For many in the market, just a few months ago it would have been hard to believe that Citigroup could be a safer bet than Goldman Sachs.
But the bond prices for the most profitable securities firm in Wall Street history, Bloomberg writes today, suggest that the market, following Fitch's revision of the bank's outlook yesterday, is worried about Goldman. The risk of criminal charges being filed against the bank and the damage to Goldman's brand, it seems, is already making its way into the market.
Goldman Sachs Group Inc. bond yields show the firm's credit is more hazardous than Citigroup Inc.'s for the first time since February 2009 as speculation grows legal and regulatory risks will depress its revenue.
Debt from the most profitable Wall Street firm yielded 2.73 percentage points more than Treasuries on average as of May 4, according to Bank of America Merrill Lynch indexes. That compares with a spread of 2.29 percentage points for Citigroup, which got a $45 billion bailout in 2008 and repaid $20 billion in December. At the end of March, Citigroup spreads were 0.45 percentage point wider than Goldman Sachs's.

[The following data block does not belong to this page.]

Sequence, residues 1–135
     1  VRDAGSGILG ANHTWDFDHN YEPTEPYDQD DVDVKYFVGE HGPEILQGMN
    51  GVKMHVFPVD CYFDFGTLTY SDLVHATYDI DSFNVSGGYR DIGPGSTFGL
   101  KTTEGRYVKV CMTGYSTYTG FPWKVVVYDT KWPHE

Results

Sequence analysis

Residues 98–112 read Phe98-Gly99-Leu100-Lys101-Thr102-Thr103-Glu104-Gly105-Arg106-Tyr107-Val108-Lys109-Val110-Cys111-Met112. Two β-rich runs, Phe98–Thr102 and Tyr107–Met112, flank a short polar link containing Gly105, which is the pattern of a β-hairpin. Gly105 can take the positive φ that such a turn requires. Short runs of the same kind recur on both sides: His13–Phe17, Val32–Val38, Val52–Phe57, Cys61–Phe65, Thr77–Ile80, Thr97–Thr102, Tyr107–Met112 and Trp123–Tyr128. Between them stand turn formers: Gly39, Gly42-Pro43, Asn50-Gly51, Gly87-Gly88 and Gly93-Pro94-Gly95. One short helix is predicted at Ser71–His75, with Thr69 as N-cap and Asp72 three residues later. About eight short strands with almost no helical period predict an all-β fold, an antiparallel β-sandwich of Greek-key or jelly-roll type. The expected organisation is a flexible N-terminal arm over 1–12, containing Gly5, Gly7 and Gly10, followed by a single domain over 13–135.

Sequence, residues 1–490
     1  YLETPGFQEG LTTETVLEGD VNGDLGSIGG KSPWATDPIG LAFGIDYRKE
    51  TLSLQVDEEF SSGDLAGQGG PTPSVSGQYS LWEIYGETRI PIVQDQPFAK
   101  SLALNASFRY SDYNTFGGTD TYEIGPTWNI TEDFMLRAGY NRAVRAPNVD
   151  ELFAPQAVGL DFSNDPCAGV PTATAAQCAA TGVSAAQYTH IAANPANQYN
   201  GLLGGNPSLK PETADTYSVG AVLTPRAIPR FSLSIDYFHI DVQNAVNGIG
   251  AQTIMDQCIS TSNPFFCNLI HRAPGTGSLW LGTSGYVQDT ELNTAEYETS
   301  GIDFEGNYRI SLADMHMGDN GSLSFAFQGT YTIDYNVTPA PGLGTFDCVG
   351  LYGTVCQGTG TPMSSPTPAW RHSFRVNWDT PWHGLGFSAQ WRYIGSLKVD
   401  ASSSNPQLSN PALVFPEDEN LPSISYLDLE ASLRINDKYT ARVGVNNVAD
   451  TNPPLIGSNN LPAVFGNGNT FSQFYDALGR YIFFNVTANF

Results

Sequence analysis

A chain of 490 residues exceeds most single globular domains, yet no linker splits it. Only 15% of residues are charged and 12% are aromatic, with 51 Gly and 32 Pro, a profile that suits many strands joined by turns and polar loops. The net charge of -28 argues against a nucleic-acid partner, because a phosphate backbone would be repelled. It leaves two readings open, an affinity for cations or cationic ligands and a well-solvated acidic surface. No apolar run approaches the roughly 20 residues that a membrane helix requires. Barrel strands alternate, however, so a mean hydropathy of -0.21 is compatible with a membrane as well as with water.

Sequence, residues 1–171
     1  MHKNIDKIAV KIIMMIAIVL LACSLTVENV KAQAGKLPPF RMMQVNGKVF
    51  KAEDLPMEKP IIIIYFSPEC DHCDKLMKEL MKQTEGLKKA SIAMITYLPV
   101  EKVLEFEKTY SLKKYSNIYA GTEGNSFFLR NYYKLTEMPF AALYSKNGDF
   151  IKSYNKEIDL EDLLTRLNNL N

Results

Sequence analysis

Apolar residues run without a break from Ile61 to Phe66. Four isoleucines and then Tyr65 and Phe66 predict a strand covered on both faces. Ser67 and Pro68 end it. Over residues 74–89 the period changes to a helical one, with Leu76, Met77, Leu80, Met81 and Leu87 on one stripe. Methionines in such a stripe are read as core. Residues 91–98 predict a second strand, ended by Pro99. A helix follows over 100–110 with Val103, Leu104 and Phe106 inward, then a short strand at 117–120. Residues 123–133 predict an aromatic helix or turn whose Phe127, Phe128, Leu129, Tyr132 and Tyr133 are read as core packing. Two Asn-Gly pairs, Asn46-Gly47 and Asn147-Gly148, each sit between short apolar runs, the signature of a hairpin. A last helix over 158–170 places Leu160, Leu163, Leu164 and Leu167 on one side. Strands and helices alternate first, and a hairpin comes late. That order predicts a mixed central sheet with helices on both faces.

Still, if the market is worried about the fallout from the SEC charging Goldman Sachs with civil fraud, it doesn't seem terribly concerned about who's running the bank. Over at Intrade, the online prediction market, bets from users suggest there's only a 30 percent chance that Blankfein will resign this year. (Intrade sells contracts that allow users to bet on certain events.)
Since last week's hearing in front of a Senate panel, Intrade prices for contracts on Blankfein's departure have plunged from 50 (a 50 percent chance of departure) to about 30. (See Intrade's chart below.)
What do you think? Will Blankfein be forced to leave?